The Social Work Society of Red Deer College recently held their Social Work Showcase to help the community better understand the many things social workers do in the community.
“We wanted to challenge some of the misconceptions about social work and show the community the different ways that social workers work in the community and support clients in different populations,” Organizer Keira Shendaruk said. “We displayed some of the past and current work of social work students.”
Many of the works presented at the showcase were of the artistic nature, showing that there are many forms that social work takes in the community.
“There were a lot of artistic pieces that represent the populations we work with and the struggles that they have,” she said. “We showcased the innovative and collaborative ways we work with clients.
“We even had an art therapy table to showcase the type of work we do that people don’t think about like art therapy, music therapy, cognitive therapy, pet therapy and all kinds of other things.”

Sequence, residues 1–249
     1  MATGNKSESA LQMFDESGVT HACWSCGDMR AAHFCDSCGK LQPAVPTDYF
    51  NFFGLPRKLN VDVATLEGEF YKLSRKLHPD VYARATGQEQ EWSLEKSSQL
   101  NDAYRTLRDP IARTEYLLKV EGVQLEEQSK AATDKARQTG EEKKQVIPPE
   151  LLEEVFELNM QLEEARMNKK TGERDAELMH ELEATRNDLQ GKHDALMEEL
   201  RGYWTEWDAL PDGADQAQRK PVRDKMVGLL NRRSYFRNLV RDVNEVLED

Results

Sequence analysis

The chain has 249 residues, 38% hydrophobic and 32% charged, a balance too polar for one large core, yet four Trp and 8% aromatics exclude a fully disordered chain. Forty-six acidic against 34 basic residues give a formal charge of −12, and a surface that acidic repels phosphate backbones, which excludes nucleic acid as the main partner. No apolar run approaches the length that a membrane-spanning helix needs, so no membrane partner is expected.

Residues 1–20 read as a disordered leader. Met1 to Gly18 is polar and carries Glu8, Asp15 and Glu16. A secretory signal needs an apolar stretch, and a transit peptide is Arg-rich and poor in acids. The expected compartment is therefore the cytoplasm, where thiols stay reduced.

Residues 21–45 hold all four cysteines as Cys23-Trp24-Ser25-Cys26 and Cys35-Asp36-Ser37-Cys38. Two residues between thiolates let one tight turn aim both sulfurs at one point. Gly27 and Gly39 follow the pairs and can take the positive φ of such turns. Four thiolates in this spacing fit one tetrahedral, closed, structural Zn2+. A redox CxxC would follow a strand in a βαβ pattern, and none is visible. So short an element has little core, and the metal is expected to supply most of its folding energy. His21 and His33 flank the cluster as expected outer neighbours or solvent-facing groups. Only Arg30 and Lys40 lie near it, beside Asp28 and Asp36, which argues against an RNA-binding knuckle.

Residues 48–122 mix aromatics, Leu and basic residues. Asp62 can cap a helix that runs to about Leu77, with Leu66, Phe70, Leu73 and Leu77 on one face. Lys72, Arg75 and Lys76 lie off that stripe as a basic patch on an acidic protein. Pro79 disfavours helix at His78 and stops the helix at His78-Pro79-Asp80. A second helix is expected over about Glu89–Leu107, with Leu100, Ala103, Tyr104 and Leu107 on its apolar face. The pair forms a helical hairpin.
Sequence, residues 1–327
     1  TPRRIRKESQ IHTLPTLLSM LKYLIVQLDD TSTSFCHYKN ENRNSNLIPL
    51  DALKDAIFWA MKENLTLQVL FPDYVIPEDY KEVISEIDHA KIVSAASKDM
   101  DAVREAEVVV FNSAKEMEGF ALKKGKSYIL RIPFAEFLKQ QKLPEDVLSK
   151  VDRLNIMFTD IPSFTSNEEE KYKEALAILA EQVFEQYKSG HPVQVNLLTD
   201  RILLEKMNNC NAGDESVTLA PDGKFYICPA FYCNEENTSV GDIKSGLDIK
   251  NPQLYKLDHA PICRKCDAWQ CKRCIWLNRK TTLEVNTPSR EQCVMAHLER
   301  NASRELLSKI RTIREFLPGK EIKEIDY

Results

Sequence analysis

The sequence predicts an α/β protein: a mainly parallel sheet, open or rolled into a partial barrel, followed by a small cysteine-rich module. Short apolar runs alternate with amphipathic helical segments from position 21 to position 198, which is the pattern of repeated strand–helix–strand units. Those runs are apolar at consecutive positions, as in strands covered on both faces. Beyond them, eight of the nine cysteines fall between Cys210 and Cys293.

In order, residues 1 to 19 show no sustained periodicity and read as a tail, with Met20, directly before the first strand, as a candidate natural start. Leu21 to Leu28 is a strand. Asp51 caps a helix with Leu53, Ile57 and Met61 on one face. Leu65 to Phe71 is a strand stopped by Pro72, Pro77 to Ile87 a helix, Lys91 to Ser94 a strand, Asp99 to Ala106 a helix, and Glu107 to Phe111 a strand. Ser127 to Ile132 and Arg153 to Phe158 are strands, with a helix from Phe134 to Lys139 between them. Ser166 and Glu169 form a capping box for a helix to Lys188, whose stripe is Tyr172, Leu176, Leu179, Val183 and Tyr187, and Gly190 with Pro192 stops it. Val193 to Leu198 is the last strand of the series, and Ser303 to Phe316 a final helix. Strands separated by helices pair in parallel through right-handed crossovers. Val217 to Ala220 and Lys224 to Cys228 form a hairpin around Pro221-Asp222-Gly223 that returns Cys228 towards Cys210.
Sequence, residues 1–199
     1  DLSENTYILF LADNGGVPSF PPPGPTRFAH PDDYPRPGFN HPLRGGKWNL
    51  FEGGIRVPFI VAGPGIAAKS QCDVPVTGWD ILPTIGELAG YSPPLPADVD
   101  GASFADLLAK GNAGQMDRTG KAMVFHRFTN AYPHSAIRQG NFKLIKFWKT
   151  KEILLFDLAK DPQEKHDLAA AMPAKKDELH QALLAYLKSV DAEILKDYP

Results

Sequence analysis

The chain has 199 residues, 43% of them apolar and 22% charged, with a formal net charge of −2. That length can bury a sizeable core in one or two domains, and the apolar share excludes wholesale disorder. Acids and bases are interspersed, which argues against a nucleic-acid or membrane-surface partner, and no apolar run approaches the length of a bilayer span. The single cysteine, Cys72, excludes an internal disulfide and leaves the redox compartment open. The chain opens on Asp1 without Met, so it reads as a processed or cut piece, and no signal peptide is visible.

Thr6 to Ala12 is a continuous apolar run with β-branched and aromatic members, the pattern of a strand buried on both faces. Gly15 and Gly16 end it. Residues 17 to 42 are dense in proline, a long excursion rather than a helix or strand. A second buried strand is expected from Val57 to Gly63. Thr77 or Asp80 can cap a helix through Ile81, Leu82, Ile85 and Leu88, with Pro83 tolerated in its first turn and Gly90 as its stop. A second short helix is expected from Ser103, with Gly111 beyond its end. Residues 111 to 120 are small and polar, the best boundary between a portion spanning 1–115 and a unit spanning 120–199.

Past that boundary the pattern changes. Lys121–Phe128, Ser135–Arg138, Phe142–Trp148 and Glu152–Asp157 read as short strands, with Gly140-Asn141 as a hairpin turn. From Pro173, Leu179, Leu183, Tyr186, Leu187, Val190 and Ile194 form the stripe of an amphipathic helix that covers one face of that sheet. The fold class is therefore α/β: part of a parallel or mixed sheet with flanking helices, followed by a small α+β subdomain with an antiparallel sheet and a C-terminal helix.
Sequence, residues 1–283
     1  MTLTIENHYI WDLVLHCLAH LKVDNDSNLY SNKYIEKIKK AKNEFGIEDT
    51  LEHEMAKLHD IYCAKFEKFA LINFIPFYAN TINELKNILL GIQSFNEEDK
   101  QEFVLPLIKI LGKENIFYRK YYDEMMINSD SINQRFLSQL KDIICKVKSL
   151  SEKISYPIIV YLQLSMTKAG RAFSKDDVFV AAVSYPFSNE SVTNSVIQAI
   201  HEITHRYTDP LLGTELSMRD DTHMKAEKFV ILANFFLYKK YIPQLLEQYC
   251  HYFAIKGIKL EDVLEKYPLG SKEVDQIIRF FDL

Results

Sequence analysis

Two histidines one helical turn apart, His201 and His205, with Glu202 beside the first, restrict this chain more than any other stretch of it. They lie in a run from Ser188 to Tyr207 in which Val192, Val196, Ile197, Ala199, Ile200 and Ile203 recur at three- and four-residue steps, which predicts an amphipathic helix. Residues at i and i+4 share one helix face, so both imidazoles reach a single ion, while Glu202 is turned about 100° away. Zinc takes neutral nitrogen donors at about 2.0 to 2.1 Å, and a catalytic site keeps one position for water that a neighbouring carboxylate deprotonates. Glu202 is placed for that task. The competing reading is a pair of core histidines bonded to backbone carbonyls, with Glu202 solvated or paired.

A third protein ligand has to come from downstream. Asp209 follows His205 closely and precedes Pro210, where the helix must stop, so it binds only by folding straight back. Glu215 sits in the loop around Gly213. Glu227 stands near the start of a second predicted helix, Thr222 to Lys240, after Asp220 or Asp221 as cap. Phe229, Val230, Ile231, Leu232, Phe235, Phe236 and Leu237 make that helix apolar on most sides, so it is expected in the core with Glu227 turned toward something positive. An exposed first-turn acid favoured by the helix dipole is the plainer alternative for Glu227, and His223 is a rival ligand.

The point of the event was to remove the sometimes negative perceptions of social workers.
“The perception can often be that social workers only work in child welfare taking children away from families,” Shendaruk said. “Social workers definitely work in the area of child welfare, but there are many other things that people don’t think about such as an outreach, seniors, addictions and a lot of different services and fields.”
Recognizing how many different populations are struggling and need assistance can increase understanding of the work of social workers and also empathy towards the populations they work with, according to Shendaruk.
“There are so many people in our community that are struggling financially, psychologically, with mental health, with addiction and struggles within families like domestic violence,” she said. “There are a lot of people being taken advantage of and having a hard time time coping.
“Social workers are there to act as a liaison for them, connecting them with where they need to be connected and helping them develop coping skills and strategies.”
She added, “It was planned a little bit short notice. We would have loved to involve the community a bit more and next time we have an event, we will promote it more than we were able to this time.”